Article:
The G20 Summit is over and now the action shifts to national politics. The upcoming special session of Parliament will be held from 18 September to 22 September. The agenda for the session remains under wraps but what we do know is that part of it will be held in the new Parliament building.
The new Sansad was inaugurated on 28 May but has not yet been used for official business. Adjacent to the old complex, the new building was reportedly readied for the Monsoon session but it did not host the proceedings held from 20 July to 11 August. Now part of the five-day special session is likely to be held in the new Parliament.
We take a look at what we can expect when the new building is put to use.
A fresh start on Ganesh Chaturthi
The first day, 18 September, will be held in the old building and the remaining part will be held in the new one. On the first day of the session, both Houses are expected to deliberate on the role and significance of the old Parliament before and after Independence, according to a report in The Economic Times (ET). Politicians are also expected to share their memories of the building.
The new Sansad will open its doors to MPs on 19 September, on the auspicious occasion of Ganesh Chaturthi. A puja is expected to be conducted before work begins.
Officials to the Lok Sabha said that the new building was prepared to host the special session. Some offices are expected to start moving this week.
According to a report in Hindustan Times, some departments have made all preparations to make the shift. To start with, the table office, legislative branch and notice office will move. “These three departments have been given new computer hardware, too,” said a Lok Sabha official told the publication.
After the special session, the new building is expected to host a three-day meeting of presiding officers from 12 October. People from more than 30 nations will be participating in it, the report says.
New uniforms for new Parliament
Lok Sabha and Rajya Sabha personnel, who assist with the proceedings, will be wearing new uniforms designed by the National Institute of Fashion Technology (NIFT). From security to officers seen during Parliament proceedings, everyone will be donning cream Nehru jackets and cream shirts with pink lotus print and khaki trousers. The dress code earlier was a bandhgala suit.
The uniform of marshalls deployed to both Houses has also been changed. They are now expected to don Manipuri or Kannada turbans. Officers from the Parliament Security Service (operations) will be wearing army fatigues instead of blue safari suits. They have also been given commando training.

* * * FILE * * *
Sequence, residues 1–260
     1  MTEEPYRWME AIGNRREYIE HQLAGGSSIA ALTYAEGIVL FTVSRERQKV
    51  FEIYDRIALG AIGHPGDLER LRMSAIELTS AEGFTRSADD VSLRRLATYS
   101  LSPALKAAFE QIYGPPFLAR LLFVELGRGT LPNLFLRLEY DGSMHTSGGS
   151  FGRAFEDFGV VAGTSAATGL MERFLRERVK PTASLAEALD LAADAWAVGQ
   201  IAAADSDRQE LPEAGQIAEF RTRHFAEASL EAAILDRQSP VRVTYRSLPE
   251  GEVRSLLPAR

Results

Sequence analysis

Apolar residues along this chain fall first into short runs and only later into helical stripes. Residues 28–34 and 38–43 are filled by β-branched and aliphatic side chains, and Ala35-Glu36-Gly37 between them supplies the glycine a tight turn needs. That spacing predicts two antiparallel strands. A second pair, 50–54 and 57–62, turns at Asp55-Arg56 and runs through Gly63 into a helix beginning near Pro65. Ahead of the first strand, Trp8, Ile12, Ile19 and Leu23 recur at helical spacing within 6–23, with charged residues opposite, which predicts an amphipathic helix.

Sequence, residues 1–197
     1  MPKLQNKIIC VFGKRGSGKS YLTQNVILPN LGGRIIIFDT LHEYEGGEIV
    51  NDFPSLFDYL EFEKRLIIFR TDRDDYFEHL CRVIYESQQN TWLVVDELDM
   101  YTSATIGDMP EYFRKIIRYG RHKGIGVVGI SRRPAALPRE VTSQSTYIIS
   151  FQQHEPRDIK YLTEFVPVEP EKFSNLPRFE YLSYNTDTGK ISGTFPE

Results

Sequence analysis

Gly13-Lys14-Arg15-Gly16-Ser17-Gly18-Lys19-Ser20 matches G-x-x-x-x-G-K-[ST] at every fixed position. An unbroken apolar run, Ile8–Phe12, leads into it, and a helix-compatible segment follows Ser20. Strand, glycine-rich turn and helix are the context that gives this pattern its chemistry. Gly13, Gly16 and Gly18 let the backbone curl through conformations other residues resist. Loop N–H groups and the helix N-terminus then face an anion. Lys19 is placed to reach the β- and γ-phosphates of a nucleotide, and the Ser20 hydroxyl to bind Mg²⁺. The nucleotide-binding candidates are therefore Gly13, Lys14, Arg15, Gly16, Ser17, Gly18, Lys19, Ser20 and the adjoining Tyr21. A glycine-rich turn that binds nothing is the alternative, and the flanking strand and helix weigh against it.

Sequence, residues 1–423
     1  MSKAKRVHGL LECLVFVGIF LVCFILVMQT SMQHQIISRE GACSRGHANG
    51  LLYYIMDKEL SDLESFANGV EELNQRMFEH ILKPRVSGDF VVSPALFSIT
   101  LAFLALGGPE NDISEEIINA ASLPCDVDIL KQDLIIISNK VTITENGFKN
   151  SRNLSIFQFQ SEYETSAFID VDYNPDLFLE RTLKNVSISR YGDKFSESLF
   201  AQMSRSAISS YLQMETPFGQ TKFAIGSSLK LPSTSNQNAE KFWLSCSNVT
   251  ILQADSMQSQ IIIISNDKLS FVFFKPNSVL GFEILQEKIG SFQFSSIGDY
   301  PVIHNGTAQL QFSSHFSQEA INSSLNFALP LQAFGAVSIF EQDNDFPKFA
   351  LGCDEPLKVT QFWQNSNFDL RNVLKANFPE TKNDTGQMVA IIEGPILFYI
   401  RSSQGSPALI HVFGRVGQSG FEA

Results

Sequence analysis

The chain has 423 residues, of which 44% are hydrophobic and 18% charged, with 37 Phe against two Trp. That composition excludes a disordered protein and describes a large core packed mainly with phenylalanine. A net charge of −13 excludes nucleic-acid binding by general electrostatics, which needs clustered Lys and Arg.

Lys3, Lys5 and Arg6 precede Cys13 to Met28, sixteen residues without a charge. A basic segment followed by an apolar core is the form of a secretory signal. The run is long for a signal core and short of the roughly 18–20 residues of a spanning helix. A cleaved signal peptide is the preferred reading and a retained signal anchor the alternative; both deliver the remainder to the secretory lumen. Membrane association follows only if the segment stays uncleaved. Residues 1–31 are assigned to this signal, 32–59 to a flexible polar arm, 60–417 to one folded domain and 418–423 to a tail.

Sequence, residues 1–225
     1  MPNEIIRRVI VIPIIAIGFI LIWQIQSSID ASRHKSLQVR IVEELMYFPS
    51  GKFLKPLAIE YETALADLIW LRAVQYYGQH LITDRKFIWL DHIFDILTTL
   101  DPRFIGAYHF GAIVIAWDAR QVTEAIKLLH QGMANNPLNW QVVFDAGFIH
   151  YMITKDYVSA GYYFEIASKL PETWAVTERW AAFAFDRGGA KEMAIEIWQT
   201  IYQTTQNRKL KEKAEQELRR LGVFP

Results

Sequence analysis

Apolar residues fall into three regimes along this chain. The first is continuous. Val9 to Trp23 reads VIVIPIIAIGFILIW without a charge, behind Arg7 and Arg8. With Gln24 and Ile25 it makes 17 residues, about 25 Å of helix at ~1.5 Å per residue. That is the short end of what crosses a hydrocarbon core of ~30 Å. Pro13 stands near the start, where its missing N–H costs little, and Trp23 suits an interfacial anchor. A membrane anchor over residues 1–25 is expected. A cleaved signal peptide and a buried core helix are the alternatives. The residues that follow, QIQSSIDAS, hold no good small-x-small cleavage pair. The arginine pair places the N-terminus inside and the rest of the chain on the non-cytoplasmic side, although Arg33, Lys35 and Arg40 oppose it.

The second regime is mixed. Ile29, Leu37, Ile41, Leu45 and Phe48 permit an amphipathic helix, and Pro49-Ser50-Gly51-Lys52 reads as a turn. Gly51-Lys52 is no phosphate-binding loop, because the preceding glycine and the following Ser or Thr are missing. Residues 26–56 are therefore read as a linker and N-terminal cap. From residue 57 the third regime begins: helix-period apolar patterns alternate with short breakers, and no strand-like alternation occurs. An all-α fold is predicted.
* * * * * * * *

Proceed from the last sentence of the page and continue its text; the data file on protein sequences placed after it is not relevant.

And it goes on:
The new uniforms have been handed over to the 271 staff members, officials told The Times of India (ToI). The clothing is said to be gender-neutral.
The Parliament staff have also been trained on behaviour, work ethics and familarisation of the new building, reports ET.
Movie screenings in new Parliament
While official business has not commenced, the new Parliament has been some activity. On 25 August, a special screening of the Sunny Deol blockbuster Gadar 2 was held in the new building for Lok Sabha members. The movie was shown for three days and there were five shows every day, starting 11 am.
It was the first time ever that a film was screened for the Lok Sabha members.
Taking a dig at the government Congress leader Jairam Ramesh asked if Shah Rukh Khan’s Jawan will be screened next. He wrote on X, formerly Twitter, “Gadar-2 was shown in the new Parliament building a few days back. Will the Modi Sarkar have the courage to screen Jawan as well?”
Gadar-2 was shown in the new Parliament building a few days back. Will the Modi Sarkar have the courage to screen Jawan as well?
नए संसद भवन में कुछ दिन पहले गदर-2 दिखाया गया था। क्या मोदी सरकार में जवान की भी स्क्रीनिंग कराने की हिम्मत है?
— Jairam Ramesh (@Jairam_Ramesh) September 9, 2023
Jawan touches upon situations related to farmer suicides, poor function of government hospitals, and shows patriotism in a new light.
A more spacious new Parliament
The Narendra Modi-led government said that the old building was showing “signs of distress and over-utilisation” and “was not able to meet the current requirements in terms of space, amenities and technology”. Hence, a new building was built at the cost of Rs 836 crore.
The new building is more spacious and can accommodate more MPs. It has 888 seats in Lok Sabha and 348 in Rajya Sabha. The old structure has 543 seats in Lok Sabha and 250 seats in Rajya Sabha.
The Lok Sabha Hall in the new building can host joint sessions and will be able to seat 1,272 people. It does away with the need to add additional chairs on such occasions.
The new complex has a centrally located Constitutional Hall and six committee rooms equipped with state-of-the-art audio-visual systems compared to the three in the old structure.
While the old building is circular, the new one is triangular and covers an area of 65,000 square metres.
The old Parliament building
The Parliament, which is now in use, has served India since Independence and witnessed historic moments like the adoption of the Constitution. Once the new Parliament is used for the business, what will happen to the old one?
The government has said that it will not be demolished. It will be conserved as it is an archaeological asset. It will be suitably retrofitted to provide more functional spaces for parliamentary events, to ensure that it is used along with the new building, reports India Today.
Paintings, sculptures, manuscripts, collections and other significant heritage and cultural artefacts are housed at the National Museum, National Archives of India and Indira Gandhi National Centre for the Arts (IGNCA) in the old building. A part of it could be converted into a museum and if this plan goes through, visitors might be able to witness the current Lok Sabha chamber.
With inputs from agencies